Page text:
5

Example: this C++ question has this (in)famous but completely unrelated Java question listed under Related questions on the right side of the screen (at least for me, I don't know if it's partly user-specific). The most vexing parse of C++ has nothing what so ever to do with branch prediction of CPUs, or Java.

My assumption is, this happens because of the number of upvotes the Java question and its answers have. If this is true, then suggestion:

When doing calculation for related questions, limit the upvotes and other similar numbers used in determining how related they are.

Limiting could be either simple effective_score = min(real_score, 100), or logarithmic, or whatever fits current implementation. After some amount of total upvotes, it shouldn't make any difference to relevancy, if there are 200 or 20000 total votes on related Q&A.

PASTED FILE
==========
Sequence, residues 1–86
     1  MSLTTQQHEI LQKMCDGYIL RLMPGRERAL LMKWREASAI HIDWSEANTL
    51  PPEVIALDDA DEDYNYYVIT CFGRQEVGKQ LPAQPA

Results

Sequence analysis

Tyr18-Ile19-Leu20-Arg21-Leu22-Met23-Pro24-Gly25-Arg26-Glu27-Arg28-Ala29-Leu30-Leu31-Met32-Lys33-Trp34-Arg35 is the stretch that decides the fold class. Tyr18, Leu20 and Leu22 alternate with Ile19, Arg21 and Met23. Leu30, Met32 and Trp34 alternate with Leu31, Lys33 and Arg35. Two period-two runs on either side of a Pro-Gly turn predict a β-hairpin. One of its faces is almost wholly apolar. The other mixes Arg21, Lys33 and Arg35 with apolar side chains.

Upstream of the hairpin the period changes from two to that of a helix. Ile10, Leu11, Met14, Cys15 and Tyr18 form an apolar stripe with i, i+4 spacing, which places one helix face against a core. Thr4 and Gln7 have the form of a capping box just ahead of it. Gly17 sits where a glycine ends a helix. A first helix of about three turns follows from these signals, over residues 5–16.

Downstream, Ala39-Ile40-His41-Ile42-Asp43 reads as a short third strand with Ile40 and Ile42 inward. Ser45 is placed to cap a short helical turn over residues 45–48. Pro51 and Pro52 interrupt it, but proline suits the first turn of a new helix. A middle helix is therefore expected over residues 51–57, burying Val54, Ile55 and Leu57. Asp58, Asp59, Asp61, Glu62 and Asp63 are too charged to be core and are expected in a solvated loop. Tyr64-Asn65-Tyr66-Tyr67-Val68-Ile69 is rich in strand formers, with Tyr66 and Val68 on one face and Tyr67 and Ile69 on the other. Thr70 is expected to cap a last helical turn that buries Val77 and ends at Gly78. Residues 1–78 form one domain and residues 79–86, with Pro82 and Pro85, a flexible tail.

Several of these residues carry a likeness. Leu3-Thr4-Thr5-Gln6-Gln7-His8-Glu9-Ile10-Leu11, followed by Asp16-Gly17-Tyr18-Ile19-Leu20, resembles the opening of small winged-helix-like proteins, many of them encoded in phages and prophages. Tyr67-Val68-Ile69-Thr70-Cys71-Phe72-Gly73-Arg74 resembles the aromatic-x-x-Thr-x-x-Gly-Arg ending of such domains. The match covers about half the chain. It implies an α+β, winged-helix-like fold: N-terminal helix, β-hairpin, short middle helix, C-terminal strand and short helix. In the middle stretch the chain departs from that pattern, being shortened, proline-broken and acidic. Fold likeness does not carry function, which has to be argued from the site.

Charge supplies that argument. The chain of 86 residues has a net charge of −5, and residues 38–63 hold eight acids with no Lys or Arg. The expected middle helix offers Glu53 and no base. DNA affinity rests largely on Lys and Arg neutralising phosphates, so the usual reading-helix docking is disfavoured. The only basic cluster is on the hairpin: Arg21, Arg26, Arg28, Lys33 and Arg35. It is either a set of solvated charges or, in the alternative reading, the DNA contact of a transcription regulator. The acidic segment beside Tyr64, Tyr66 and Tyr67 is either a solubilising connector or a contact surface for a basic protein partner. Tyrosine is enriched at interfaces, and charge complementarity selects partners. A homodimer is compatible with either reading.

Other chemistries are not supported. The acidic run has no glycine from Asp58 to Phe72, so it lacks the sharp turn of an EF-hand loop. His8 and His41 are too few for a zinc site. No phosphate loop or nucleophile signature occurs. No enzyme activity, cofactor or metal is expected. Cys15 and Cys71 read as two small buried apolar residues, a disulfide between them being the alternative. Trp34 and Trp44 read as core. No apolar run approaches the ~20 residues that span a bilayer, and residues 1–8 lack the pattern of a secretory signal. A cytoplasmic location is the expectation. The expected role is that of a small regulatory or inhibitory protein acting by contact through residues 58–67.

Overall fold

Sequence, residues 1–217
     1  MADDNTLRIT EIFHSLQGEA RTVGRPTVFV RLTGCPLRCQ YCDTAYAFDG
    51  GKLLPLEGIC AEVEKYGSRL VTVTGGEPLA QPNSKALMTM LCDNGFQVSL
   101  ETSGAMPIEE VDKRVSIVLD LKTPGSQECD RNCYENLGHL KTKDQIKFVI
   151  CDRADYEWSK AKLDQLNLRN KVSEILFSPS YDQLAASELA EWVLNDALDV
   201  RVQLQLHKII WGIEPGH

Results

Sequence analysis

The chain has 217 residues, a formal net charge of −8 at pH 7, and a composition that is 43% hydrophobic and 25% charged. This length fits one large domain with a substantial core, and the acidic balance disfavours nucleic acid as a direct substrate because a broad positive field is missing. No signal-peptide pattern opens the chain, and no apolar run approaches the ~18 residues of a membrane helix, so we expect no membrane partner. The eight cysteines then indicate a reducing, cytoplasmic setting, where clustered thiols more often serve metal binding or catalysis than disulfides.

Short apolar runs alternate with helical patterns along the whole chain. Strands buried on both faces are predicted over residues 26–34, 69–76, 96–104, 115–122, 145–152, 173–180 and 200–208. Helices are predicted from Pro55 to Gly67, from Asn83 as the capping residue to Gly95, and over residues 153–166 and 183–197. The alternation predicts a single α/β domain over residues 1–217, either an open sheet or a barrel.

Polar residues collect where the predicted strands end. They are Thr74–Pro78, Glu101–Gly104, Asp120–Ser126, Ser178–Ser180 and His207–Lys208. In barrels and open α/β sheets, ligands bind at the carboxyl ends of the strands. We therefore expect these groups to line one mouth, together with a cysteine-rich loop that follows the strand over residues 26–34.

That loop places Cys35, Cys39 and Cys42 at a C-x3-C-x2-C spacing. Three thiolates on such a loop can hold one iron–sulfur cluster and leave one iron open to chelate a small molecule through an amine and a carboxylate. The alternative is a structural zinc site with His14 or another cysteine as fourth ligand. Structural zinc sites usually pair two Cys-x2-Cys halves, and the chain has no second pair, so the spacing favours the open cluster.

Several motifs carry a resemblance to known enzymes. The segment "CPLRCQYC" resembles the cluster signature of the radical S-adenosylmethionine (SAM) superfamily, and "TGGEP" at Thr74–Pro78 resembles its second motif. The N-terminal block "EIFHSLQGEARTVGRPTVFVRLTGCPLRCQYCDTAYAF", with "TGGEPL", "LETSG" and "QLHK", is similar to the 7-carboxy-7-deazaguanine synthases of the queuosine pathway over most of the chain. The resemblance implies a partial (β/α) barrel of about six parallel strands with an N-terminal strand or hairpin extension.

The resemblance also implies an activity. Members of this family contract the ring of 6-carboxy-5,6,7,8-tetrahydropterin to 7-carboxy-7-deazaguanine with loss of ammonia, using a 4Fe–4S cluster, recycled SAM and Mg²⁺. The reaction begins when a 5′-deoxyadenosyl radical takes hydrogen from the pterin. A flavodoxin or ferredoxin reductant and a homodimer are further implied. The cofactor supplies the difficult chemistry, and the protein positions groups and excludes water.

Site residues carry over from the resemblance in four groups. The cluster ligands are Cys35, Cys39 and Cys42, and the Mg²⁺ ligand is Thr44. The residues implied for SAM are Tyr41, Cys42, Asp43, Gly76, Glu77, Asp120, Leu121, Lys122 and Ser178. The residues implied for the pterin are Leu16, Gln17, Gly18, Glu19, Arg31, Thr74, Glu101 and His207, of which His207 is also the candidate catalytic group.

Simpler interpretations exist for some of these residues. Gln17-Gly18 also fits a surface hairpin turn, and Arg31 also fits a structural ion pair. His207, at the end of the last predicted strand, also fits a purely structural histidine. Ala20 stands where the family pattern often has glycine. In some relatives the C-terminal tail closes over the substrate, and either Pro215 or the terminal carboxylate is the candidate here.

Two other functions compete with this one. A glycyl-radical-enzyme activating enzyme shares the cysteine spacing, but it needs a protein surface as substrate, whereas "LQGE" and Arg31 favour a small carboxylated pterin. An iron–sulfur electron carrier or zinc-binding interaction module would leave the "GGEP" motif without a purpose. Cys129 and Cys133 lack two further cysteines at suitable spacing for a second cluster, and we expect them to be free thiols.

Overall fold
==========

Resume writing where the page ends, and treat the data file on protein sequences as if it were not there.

If above suggestion is all wrong technically and calculating related questions doesn't work anything like that, the issue itself still stands. For example this particular Java question keeps popping up for no reason, and I'm kinda sick of it actually...


Note: I'm not sure if this should be tagged instead of, or in addition to . This does have the practical effect of making it harder to find good dupes (because unrelated but highly voted questions push other Qs off the list), at least. Feel free to edit tags if appropriate.

  • You are right that the most vexing parse is unrelated to branch-prediction or java, but your example question is also tagged C++ for good and sufficient reason, so the proposed related articles are not quite as far off as you intimated. – Deduplicator May 16 '14 at 14:25
  • Oh, many of the related articles are fine, but the three (as shown to me at this moment) with quadruple-digit score are all unrelated. That alone wastes 30% of related questions space on the page, not insignificant. Would they be replaced with something potentially more related, if score was capped for the purpose of calculation? In this suggestion, I hope so. – hyde May 16 '14 at 14:32
  • about 50% of [C] questions link to: improve insert per second performance of sqlite even if there is no [sqlite] tag. Perhaps the algorithm could correlate the relationship of one tag to another based on how often they appear together. – technosaurus Sep 9 '16 at 3:08

You must log in to answer this question.

Browse other questions tagged .